11. says:

    Brilliant, maddening, exhausting but one of the masterpieces of modern lit There are sections that thrill the heart to read aloud and cantos that drive you into a fury with obscurantism and posturing Every time the word usura comes up a fortiori when it s a personified Usura you remember Pound s lunatic politics and his support of Mussolini and Hitler s invasion of Russia And certainly the madness of Pound s later years is just waiting here But these poems are great powerful thundering intricate oddly delicate and sensitive things impossible to sum up, really Get a copy and justleap into the reading.

  12. says:

    I think The Cantos is a disaster Maybe you could justify this mess by citing it as an early example of found poetry i.e., large chunks of it is stuff that Pound cribbed directly from primary sources, but he chopped the lines to make it look like poetry I confess I didn t make it past Canto 28 There is some beautiful writing, but at a ratio of about three lines per five cantos So it was difficult mathematically to justify carrying on in the face of this deluge of obscurantism There is something senile about its organization Cantos loving critics anxiously piece together some letters he wrote to so and so as evidence that The Cantos is majestically organized it s usually pretentiously explained like a math equation AA BB CBC AA, or something And these private letters were written way before the whole poem was even close to being finished Tin flash in the sun dazzle Excellent description of sun off water used in a couple of The Cantos, for example Also check out Canto III I think , which is a mind bending description of the young Dionysius transforming a boat into a sea creature or something, it s been some months since I ve read this not 100% sure either that it s Canto III but it s somewhere near the beginning.And some of the imagery, like in Canto II or XVI for example, is just stunning and might make some of you feel that reading through this thing with an immense companion is actually worthwhile.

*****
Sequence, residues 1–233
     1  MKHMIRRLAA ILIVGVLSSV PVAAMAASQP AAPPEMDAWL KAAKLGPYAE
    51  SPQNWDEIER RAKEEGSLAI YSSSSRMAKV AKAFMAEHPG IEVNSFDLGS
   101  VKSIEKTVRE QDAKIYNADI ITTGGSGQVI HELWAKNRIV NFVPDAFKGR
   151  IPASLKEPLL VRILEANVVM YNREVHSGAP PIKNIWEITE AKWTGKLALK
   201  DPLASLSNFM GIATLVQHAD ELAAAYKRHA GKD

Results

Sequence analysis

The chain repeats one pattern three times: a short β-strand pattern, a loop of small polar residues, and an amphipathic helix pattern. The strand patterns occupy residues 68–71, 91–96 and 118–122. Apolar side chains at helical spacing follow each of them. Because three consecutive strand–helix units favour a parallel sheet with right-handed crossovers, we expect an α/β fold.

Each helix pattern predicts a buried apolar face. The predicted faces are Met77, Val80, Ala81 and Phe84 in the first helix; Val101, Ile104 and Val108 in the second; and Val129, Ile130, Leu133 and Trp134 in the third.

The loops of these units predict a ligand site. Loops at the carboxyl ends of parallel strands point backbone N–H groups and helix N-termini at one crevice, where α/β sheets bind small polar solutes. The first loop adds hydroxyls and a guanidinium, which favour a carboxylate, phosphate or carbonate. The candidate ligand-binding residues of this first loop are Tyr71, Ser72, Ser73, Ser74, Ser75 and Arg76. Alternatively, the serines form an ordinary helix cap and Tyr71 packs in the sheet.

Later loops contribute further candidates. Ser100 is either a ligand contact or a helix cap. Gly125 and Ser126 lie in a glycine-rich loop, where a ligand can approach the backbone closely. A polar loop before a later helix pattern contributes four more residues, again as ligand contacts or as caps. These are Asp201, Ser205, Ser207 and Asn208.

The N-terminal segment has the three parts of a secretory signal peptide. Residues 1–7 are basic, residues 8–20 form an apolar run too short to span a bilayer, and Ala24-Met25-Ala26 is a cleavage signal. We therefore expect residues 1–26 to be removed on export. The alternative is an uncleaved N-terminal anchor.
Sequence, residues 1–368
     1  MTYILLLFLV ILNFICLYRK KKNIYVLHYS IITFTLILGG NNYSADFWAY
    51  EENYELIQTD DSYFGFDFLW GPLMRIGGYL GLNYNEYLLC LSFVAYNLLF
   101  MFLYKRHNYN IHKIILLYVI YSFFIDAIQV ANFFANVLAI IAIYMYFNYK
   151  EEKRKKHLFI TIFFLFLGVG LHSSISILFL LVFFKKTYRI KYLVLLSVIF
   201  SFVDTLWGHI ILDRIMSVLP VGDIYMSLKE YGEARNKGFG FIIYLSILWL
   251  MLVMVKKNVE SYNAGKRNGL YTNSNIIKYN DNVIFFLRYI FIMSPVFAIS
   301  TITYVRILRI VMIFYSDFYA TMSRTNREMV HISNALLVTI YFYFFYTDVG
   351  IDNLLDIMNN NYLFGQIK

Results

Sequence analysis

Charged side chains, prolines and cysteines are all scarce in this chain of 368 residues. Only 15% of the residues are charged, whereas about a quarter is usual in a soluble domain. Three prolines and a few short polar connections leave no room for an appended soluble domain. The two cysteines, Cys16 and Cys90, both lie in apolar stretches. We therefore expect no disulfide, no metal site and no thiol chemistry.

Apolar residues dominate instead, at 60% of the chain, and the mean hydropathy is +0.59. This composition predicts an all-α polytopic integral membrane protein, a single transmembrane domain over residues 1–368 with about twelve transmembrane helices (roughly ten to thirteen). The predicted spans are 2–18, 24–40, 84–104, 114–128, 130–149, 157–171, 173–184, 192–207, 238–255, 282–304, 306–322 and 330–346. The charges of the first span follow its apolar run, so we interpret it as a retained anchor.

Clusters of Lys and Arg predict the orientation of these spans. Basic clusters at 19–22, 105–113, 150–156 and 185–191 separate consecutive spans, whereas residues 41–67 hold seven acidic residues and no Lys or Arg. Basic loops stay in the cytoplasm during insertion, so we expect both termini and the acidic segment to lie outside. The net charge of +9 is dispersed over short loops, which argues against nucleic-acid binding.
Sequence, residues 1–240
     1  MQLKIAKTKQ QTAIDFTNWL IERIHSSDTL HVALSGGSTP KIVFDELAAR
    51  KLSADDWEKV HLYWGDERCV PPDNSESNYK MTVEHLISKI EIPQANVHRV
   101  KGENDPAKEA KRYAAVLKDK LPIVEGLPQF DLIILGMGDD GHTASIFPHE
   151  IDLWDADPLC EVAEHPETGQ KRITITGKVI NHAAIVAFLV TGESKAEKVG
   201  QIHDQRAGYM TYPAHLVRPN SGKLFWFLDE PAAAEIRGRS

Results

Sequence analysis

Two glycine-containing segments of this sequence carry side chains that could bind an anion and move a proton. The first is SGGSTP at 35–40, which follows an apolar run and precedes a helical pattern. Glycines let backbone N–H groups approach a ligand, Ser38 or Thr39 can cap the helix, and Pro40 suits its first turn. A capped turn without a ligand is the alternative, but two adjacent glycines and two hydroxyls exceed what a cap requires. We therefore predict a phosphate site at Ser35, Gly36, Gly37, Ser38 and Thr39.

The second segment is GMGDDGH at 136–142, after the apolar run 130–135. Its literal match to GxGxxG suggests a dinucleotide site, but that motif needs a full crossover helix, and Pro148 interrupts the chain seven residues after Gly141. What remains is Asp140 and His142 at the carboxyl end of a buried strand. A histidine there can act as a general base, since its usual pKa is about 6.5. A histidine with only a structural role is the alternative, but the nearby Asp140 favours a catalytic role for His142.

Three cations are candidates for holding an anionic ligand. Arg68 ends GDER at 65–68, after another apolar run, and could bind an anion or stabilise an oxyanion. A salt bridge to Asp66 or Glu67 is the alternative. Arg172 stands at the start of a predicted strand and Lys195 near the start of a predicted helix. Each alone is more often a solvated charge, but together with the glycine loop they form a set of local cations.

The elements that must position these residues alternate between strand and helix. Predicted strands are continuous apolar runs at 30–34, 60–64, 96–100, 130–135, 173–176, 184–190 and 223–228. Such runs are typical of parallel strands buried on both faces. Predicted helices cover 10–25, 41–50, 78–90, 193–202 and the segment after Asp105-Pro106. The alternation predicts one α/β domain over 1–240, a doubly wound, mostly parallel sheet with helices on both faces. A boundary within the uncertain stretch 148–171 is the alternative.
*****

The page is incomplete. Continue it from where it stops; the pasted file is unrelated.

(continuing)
13. says:

    Oh the internal conflict of being both a Jew and a massive Ezra Pound fanMercifully he kept his views to himself for most of the time here so it was all really easy to enjoy without any major detracting distractions and, though not really relevant to the book at hand he did express a deep regret for his stupidity and ignorance to none other than Allen What A Babe Ginsberg, which certainly makes me feel a little less concerned about endorsing this book This book is without a doubt one of the great pillars of literary modernism and an absolute juggernaut in poetry in particular, so if you can get past the fact that Pound was frightfully buddy buddy with Benito Mussolini and endorsed Nazi policy during WW2 particularly policies regarding Jews then I would strongly recommend this, it s great

  14. says:

    after a few glasses of wine i LOVE this book i haven t found very many deeper meanings in pound s rambling. i think its just his intoxication with words and their rhythms that make it fantastic

  15. says:

    Probably the most ambitious work of poetry ever, and interesting for so many reasons Sections of this book are incredibly beautiful, timeless, and untouchable, paired with a bunch of fascinating intellectual moves and an attempt to bring together the history and mythology of everything, ever, in a single poetic work Unfortunately, huge chunks probably most of the book are terrible, with a special mention going to a chunk near the center where Pound basically just lineates John Adam s letters for 100 pages The failure of the book is important, and makes it fascinating even if it doesn t make it good for me the best poems were near the beginning, which makes me think I should probably read some of Pound s pure imagist poetry eventually The formal patterns and evolution of the text are always amazing, even when they aren t good to read We see the text leave the side of the page and to a certain extent the English language, pausing to narrate an imaginary history of China for 100 pages, and ultimately covering almost the whole range of experimental 20th century poetics Some elements bothered me than others though, especially Pound s absurdly intense focus on banking and usury, because they reoccurred so often throughout the whole thing.For the most part, I d only suggest maybe the first 100 pages of this book, but it was an interesting ride and worth four stars, even if for me a lot of the goodness was off the page.

Add a Comment

Your email address will not be published. Required fields are marked *